The South Florida Wild Life Center provides Cindy with food, such as frozen mice for owls, fish for pelicans, insects for baby birds, crickets and meals worms for opossums, formula for baby squirrels, opossums, raccoons, baby cottontails and marsh rabbits. The center itself often drops off injured animals and birds almost daily at her home for care and rehabilitation.

“A problem called imprinting shows up occasionally when a bird or animal becomes attached to the first person they become acquainted with,” she said. This phenomenon occurs if a bird focuses and becomes attached to a person instead of the parenting bird, and as a result makes releasing that bird a serious problem. “I personally began raising birds of prey, so they could be releasable — to be free! This eliminated the problem of a bird focusing on a particular person,” Cindy explained.

A few years back Cindy was presented with the Lighthouse Point Keepers Award for her generous humanitarian effort in the community for almost 50 years, during the Keeper Day ceremonies.

“I have some happy stories and some sad stories I’ve carried with me through years, such as the time Lighthouse Point policemen brought a goat to my home they had loaded into the back of their patrol car. Then one day, I was called to pick up a pelican at the Deerfield pier. I placed him in a box, and drove off in a conversion van. Somehow the pelican escaped and began poking his head out the driver’s side window to the amazement of other motorists who laughed, hysterically.”

Cindy’s life is filled with surprises. “Another day, I received a phone call regarding a huge parrot that was seen on a railing on the Intracoastal at Riverside Drive. As I arrived, people were feeding him cocktail peanuts. Slowly, I approached this beautiful scarlet macaw, and without hesitation he hopped right onto my outstretched hand and I placed him on the passenger side armrest. He seemed fine, but in a few minutes as I’m driving toward home, he moved over toward me, laid his head on my shoulder and said, ‘Oooh.’ For the next few days, the parrot said nothing, but one day as I was ironing he suddenly blurts out, ‘Hi Barbara, hi Pedro.’”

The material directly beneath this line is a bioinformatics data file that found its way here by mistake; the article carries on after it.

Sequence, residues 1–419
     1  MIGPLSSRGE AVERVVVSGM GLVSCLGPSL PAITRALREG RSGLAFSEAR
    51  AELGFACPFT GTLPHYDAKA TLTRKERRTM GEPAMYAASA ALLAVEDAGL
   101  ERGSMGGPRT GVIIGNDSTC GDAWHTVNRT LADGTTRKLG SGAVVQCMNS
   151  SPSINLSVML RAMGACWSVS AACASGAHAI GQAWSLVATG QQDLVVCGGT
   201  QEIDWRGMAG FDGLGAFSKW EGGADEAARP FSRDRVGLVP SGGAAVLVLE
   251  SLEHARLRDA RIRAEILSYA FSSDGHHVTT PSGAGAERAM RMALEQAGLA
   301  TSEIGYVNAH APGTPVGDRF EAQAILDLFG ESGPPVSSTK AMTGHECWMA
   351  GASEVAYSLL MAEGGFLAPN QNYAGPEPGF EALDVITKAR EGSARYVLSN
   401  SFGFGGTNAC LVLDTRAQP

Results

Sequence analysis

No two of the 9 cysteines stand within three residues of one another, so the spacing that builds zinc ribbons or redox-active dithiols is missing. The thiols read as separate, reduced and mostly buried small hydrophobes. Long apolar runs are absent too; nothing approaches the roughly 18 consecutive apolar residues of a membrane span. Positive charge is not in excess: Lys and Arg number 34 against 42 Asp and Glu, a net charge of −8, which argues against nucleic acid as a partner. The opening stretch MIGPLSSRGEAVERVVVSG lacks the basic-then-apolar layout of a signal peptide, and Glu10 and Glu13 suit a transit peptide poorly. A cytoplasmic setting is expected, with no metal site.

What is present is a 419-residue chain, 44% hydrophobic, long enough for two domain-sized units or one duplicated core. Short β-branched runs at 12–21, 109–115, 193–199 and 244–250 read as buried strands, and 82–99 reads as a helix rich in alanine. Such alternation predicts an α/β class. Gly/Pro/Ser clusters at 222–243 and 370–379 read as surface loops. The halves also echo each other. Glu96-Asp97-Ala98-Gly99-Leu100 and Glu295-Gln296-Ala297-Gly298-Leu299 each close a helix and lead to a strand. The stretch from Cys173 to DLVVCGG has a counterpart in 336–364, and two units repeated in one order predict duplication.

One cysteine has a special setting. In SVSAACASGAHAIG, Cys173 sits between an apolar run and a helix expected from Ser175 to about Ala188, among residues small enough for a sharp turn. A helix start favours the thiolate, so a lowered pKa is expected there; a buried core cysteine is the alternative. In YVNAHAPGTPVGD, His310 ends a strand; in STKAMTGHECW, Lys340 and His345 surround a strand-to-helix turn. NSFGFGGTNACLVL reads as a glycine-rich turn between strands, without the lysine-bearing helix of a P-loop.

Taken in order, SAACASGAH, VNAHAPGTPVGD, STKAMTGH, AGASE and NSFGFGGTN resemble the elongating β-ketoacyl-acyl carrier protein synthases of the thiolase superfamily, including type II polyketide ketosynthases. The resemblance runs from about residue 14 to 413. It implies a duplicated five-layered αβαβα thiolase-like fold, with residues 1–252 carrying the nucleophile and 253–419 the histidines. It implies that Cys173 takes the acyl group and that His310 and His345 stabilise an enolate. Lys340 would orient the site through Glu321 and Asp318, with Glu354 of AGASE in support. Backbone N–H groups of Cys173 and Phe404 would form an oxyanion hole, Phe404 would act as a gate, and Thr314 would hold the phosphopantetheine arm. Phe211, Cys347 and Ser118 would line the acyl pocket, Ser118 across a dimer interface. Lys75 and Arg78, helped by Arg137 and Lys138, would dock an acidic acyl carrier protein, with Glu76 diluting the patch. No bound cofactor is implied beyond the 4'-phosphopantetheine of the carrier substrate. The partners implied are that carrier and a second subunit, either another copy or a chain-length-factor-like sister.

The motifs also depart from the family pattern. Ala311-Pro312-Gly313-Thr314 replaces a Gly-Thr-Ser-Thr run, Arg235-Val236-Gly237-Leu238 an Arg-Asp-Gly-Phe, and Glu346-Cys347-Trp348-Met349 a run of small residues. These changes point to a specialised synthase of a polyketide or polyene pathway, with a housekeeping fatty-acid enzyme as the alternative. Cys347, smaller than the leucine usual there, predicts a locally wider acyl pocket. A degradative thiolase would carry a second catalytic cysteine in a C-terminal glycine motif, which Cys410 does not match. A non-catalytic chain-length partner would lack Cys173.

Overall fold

“Every so often a person comes to the door not really knowing too much about animals such as the woman who came to my doorstep and said, ‘Here, these are baby squirrels.’ They were baby rats.”

Some stories are more unique than others. “There was this one evening, two bikers dressed in leather and chains came to my home to tell me there was a vulture in this little box they handed me. Opening the box, all I saw was an injured pigeon. I didn’t have the heart to tell them it was just a pigeon.”

There are times when danger lurks. “On a trip to the Galapagos Islands, I was able to cut about 30 feet on monofilament line off a baby Galapagos sea lion while the rest of the tour group distracted the Beach Master from running me down. A Beach Master is the big male sea lion that protects his harem of ladies and the kids from harm.”